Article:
Ecological conceptual models: A framework and case study on ecosystem management for South Florida sustainability

J. H. Gentile, M. A. Harwell, Jr Cropper, C. C. Harwell, D. DeAngelis, S. Davis, J. C. Ogden, D. Lirman

Research output: Contribution to journalArticlepeer-review

76 Scopus citations


The Everglades and South Florida ecosystems are the focus of national and international attention because of their current degraded and threatened state. Ecological risk assessment, sustainability and ecosystem and adaptive management principles and processes are being used nationally as a decision and policy framework for a variety of types of ecological assessments. The intent of this study is to demonstrate the application of these paradigms and principles at a regional scale. The effects-directed assessment approach used in this study consists of a retrospective, eco-epidemiological phase to determine the causes for the current conditions and a prospective predictive risk-based assessment using scenario analysis to evaluate future options. Embedded in these assessment phases is a process that begins with the identification of goals and societal preferences which are used to develop an integrated suite of risk-based and policy relevant conceptual models. Conceptual models are used to illustrate the linkages among management (societal) actions, environmental stressors, and societal/ecological effects, and provide the basis for developing and testing causal hypotheses. These models, developed for a variety of landscape units and their drivers, stressors, and endpoints, are used to formulate hypotheses to explain the current conditions. They are also used as the basis for structuring management scenarios and analyses to project the temporal and spatial magnitude of risk reduction and system recovery. Within the context of recovery, the conceptual models are used in the initial development of performance criteria for those stressors that are determined to be most important in shaping the landscape, and to guide the use of numerical models used to develop quantitative performance criteria in the scenario analysis. The results will be discussed within an ecosystem and adaptive management framework that provides the foundation for decision making.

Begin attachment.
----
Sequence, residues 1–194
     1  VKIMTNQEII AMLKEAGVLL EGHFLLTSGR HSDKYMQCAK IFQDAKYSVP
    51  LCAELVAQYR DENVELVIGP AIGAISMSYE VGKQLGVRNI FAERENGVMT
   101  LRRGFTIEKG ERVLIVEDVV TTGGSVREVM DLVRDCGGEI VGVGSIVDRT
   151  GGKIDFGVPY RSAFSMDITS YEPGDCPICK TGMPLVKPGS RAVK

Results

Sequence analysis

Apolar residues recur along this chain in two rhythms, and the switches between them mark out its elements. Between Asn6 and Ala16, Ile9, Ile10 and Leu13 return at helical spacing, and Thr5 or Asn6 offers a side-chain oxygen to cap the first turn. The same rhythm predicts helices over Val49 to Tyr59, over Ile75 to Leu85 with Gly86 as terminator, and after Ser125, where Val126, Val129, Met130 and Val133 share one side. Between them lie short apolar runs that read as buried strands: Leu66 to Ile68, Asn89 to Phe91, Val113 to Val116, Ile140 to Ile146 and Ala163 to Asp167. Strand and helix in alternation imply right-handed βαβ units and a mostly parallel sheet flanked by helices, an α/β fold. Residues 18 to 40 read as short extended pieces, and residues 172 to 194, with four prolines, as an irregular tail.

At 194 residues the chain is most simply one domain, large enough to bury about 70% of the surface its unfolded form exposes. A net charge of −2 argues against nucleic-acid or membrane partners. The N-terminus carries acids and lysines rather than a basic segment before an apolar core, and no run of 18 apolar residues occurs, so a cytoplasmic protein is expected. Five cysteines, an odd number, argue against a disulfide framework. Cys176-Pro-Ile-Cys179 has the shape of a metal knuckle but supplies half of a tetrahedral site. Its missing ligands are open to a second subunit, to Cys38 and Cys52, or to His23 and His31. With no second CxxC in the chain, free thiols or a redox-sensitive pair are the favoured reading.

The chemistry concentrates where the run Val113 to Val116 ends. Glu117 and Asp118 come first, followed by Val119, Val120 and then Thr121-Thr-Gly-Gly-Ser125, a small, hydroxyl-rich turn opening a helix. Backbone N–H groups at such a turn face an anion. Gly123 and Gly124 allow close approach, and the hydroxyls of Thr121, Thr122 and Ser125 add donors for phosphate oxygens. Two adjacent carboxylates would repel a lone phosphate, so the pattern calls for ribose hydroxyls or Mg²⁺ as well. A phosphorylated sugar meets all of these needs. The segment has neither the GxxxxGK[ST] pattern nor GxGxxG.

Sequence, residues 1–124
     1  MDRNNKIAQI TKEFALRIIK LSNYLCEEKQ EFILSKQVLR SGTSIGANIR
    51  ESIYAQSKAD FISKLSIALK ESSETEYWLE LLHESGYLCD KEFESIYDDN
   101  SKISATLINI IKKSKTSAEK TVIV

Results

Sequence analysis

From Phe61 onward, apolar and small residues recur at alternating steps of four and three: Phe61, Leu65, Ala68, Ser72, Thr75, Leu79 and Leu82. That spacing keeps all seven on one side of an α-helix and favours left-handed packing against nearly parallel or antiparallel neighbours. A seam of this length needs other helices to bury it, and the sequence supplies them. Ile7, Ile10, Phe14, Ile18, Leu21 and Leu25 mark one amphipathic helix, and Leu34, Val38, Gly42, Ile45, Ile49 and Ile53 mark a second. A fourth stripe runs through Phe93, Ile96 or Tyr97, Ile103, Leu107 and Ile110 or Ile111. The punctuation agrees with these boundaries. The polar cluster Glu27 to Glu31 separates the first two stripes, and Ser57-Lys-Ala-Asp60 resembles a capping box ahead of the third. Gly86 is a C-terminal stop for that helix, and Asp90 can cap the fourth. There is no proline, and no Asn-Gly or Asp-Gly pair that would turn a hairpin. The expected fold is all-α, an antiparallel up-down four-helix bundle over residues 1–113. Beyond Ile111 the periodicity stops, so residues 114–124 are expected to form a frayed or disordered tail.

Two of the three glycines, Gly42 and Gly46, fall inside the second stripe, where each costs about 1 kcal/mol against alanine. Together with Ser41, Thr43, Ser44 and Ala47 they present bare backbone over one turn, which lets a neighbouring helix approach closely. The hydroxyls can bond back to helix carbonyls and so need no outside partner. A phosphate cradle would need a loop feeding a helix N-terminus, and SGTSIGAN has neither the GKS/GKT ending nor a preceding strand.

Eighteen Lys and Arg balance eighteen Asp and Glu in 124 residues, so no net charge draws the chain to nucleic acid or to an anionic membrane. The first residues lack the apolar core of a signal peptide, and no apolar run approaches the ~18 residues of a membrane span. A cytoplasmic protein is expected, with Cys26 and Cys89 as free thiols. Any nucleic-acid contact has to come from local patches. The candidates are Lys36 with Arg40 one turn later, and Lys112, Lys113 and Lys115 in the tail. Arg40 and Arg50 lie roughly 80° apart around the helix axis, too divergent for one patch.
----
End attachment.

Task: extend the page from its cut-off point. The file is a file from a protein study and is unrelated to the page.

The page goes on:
Original languageEnglish (US)
Pages (from-to)231-253
Number of pages23
JournalScience of the Total Environment
Issue number1-3
StatePublished - Jul 2 2001


  • Ecological conceptual models
  • Ecosystem management
  • Florida

ASJC Scopus subject areas

  • Environmental Chemistry
  • Environmental Science(all)


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